CHICAGO Oct 4 U.S. holiday sales will increase
by 3.6 percent in 2016, more sharply than last year, as a
stronger job market and robust household spending have improved
consumer sentiment, according to an outlook from the leading
retail industry group.
The National Retail Federation forecast sales for the last
two months of the year at $655.8 billion, excluding for autos,
gasoline and dining out. This growth rate would be significantly
higher than the 10-year average of 2.5 percent and above the 3
percent increase in 2015.
The NRF's forecast is one of the closely watched benchmarks
ahead of the holiday season, which can account for 20 percent to
40 percent of annual sales for many retailers.
The season is also a major U.S. economic indicator because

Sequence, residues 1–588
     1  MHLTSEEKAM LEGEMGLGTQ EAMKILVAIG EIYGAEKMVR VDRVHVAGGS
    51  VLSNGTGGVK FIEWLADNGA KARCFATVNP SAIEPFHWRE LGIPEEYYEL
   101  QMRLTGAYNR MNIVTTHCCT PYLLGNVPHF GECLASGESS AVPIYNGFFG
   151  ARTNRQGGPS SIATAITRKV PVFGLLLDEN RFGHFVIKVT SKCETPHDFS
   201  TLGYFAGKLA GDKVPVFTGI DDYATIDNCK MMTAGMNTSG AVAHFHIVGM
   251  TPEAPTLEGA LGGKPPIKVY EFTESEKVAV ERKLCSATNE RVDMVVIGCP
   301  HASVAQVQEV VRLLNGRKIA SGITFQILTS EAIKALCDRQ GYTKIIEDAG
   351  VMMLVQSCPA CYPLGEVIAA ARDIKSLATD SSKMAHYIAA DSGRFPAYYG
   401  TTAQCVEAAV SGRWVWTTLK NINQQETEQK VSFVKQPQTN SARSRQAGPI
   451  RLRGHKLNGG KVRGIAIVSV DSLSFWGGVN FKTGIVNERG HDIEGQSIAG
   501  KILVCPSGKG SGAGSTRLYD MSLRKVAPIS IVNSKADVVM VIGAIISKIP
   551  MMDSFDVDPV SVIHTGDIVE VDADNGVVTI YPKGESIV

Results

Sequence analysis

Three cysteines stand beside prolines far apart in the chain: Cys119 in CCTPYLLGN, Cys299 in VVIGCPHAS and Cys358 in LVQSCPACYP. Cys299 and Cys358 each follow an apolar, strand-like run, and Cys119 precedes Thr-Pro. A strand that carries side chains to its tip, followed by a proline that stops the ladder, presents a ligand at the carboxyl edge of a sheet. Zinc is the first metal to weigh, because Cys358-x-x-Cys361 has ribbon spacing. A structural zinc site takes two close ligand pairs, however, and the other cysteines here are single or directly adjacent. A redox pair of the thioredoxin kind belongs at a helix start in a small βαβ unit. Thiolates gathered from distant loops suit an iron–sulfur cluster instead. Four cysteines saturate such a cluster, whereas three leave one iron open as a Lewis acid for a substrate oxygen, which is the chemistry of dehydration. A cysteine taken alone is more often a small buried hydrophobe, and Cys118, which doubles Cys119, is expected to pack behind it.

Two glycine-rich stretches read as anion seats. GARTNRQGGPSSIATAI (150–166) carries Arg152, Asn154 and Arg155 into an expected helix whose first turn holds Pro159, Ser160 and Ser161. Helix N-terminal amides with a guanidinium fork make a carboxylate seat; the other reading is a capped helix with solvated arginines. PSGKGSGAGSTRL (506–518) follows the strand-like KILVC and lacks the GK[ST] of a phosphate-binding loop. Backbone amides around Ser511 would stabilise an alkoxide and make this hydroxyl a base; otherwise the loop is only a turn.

consumer spending accounts for about 70 percent of gross
"This year hasn't been perfect, starting with a long summer
and unseasonably warm fall, but our forecast reflects the very
realistic steady momentum of the economy and industry
expectations," NRF Chief Executive Officer Matthew Shay said in
Online sales will rise by 7 percent to 10 percent during the
holiday season to as much as $117 billion, the group said.
Chief Economist Jack Kleinhenz said issues like increased
geopolitical uncertainty, the presidential election and
unseasonably warm weather could shake consumer confidence and
affect shopping patterns.
"However," Kleinhenz said in a statement, "the economic
spending power of the consumer is resilient."
(Reporting by Nandita Bose in Chicago; Editing by Lisa Von Ahn)